Is 'Francis Effect' Slowing Latin American Decline?

Is the Francis effect slowing the diminishment of Latin America’s Catholic population? A new survey from the Pew Research Center suggests cause for hope, but reports it is too soon to tell.

Latin America is home to more than 425 million Catholics—nearly 40 percent of the world’s total Catholic population—and the global church now has a Latin American pope for the first time in its history. Yet identification with Catholicism has declined throughout the region, according to a major new Pew Research Center survey. Historical data suggest that for most of the 20th century, from 1900 through the 1960s, at least 90 percent of Latin America’s population was Catholic. Today, the Pew reports, only 69 percent of adults across the region identify as Catholic.

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The Catholic Church’s status in Latin America has drawn more attention since Cardinal Jorge Mario Bergoglio of Argentina was elected pope in March 2013, taking the name Francis. According to the report, “While it is too soon to know whether Francis can stop or reverse the church’s losses in the region, the new survey finds that people who are currently Catholic overwhelmingly view Francis favorably and consider his papacy a major change for the church.”

The report cautions, however, that former Catholics are more skeptical about Pope Francis. Only in Argentina and Uruguay do majorities of ex-Catholics express a favorable view of the pope.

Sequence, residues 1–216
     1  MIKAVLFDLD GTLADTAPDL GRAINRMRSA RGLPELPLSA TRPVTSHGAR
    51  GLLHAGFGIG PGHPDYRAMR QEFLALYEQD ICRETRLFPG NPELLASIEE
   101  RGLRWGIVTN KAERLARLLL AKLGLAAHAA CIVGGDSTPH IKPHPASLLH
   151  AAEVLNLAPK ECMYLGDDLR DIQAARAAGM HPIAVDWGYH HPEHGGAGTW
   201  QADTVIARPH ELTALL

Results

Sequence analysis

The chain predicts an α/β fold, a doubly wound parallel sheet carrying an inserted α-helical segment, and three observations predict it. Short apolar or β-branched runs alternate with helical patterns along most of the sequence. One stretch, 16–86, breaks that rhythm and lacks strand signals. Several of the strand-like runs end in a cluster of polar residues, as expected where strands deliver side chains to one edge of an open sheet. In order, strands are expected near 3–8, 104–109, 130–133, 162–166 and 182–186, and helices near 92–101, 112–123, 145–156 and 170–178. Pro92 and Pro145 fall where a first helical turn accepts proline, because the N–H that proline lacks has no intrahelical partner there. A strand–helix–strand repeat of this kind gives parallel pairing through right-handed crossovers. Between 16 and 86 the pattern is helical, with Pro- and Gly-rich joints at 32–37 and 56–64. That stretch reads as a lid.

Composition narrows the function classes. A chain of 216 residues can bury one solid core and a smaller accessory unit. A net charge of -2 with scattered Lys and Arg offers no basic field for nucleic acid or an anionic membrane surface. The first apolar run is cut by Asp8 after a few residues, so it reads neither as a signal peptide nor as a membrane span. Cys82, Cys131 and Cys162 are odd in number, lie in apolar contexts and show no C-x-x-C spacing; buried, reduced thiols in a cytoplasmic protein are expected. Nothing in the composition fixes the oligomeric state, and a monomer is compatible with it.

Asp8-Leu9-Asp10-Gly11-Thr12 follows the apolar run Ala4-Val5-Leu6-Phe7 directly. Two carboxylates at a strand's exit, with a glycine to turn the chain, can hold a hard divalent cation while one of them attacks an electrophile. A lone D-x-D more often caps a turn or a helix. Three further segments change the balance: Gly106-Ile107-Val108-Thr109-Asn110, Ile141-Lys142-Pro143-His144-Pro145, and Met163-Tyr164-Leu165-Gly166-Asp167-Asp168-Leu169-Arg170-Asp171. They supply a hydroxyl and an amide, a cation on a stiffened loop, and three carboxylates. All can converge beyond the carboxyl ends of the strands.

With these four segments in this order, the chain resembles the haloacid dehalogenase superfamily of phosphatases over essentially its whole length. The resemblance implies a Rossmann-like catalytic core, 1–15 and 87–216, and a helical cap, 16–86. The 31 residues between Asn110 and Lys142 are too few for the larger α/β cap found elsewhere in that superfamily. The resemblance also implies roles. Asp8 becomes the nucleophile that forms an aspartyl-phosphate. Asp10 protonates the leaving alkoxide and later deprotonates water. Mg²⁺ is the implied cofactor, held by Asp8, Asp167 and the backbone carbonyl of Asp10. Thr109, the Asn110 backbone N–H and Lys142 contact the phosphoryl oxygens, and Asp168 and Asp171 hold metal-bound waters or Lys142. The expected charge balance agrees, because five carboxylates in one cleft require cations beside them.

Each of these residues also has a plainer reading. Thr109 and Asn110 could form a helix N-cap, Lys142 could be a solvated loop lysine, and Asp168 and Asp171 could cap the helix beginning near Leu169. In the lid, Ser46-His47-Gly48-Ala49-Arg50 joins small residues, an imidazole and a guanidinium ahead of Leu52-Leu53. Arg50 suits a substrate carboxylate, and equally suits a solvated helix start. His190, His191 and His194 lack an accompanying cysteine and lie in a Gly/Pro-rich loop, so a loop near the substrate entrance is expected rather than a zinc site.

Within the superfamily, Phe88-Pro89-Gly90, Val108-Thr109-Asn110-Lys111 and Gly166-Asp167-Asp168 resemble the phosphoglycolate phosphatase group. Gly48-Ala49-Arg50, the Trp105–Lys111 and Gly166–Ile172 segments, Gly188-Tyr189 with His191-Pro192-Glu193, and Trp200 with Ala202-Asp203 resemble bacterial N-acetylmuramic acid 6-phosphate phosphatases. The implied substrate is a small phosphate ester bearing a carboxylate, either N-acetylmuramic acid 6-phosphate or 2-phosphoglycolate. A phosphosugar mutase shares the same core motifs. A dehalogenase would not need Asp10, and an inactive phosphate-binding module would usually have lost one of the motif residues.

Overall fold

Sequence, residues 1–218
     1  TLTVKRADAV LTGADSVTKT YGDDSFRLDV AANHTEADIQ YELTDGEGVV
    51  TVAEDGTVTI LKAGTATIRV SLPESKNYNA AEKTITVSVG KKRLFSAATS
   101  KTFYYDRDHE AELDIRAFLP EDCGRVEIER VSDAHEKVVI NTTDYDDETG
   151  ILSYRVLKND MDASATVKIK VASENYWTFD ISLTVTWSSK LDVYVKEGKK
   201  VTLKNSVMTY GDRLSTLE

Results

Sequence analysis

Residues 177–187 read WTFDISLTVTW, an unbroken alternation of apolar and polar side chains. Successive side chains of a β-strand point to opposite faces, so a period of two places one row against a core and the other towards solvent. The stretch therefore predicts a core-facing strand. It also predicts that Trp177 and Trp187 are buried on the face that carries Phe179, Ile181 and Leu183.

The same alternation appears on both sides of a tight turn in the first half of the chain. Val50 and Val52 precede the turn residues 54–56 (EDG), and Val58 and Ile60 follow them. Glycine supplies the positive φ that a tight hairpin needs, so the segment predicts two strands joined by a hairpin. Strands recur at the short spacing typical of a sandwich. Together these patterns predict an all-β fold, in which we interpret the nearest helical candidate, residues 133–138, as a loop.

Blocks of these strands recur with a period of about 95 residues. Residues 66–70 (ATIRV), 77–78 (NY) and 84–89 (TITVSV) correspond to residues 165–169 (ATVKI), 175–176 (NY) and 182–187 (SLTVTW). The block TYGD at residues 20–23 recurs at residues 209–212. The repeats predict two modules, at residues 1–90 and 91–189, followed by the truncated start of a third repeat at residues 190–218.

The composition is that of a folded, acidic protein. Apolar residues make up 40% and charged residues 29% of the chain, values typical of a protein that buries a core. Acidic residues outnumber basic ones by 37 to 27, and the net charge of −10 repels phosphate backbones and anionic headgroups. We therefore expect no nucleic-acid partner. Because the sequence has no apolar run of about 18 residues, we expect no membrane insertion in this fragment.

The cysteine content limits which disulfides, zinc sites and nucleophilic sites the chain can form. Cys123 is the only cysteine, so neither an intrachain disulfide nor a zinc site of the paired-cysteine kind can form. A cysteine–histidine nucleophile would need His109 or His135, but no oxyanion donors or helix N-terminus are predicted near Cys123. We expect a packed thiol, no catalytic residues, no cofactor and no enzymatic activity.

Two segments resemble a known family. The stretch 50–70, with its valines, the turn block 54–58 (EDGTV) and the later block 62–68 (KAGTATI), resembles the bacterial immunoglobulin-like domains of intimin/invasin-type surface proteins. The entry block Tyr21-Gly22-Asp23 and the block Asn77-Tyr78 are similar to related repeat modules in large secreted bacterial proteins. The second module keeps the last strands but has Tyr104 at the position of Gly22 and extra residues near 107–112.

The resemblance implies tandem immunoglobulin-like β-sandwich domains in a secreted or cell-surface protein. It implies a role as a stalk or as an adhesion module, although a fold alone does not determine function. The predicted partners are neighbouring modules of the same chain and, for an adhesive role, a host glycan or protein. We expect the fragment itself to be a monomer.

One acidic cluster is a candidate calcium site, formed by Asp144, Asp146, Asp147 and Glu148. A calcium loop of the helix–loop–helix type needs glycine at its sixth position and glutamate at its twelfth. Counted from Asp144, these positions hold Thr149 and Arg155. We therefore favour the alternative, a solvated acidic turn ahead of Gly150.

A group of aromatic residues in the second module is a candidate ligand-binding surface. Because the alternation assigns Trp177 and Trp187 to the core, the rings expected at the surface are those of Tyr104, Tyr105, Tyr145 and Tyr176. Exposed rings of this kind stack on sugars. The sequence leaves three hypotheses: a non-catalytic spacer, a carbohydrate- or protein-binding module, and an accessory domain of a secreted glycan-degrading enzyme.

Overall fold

Pew reports: “In every other country in the survey, no more than roughly half of ex-Catholics view Francis favorably and relatively few see his papacy as a major change for the Catholic Church. Many say it is too soon to have an opinion about the pope.”

In nearly every country Pew surveyed, the Catholic Church has experienced net losses from religious switching, as many Latin Americans have joined evangelical Protestant churches or rejected organized religion altogether. For example, roughly one-in-four Nicaraguans, one-in-five Brazilians and one-in-seven Venezuelans are former Catholics. Overall, 84 percent of Latin American adults report that they were raised Catholic, 15 percentage points more than currently identify as Catholic.

The pattern is reversed among Protestants and people who do not identify with any religion: While the Catholic Church has lost adherents through religious switching, both Protestant churches and the religiously unaffiliated population in the region have gained members. Just one-in-ten Latin Americans were raised in Protestant churches, but nearly one-in-five now describe themselves as Protestants. And while only 4 percent of Latin Americans were raised without a religious affiliation, twice as many are unaffiliated today.

According to the report, many of the major patterns of Latin American Catholic Church decline mirror trends found among U.S. Hispanics (tracked in a 2013 Pew Research poll). The U.S. Hispanic population (now approximately 54.1 million people) is larger than the total population in all but two Latin American countries—Brazil (195 million) and Mexico (113 million).

Nearly a quarter of Hispanic adults in the United States were raised Catholic but have since left the faith (24 percent), while just 2 percent of U.S. Hispanics have converted to Catholicism after being raised in another religious tradition or with no affiliation—a net drop of 22 percentage points, according to Pew. "The scale of this exodus is roughly on par with several Latin American countries that also have experienced steep declines in the share of adults who identify as Catholic."

Most former Catholics told Pew researchers that they left the church because they were seeking a more personal connection with God. Many former Catholics also said they became Protestants because they wanted a different style of worship or a church that helps its members more.

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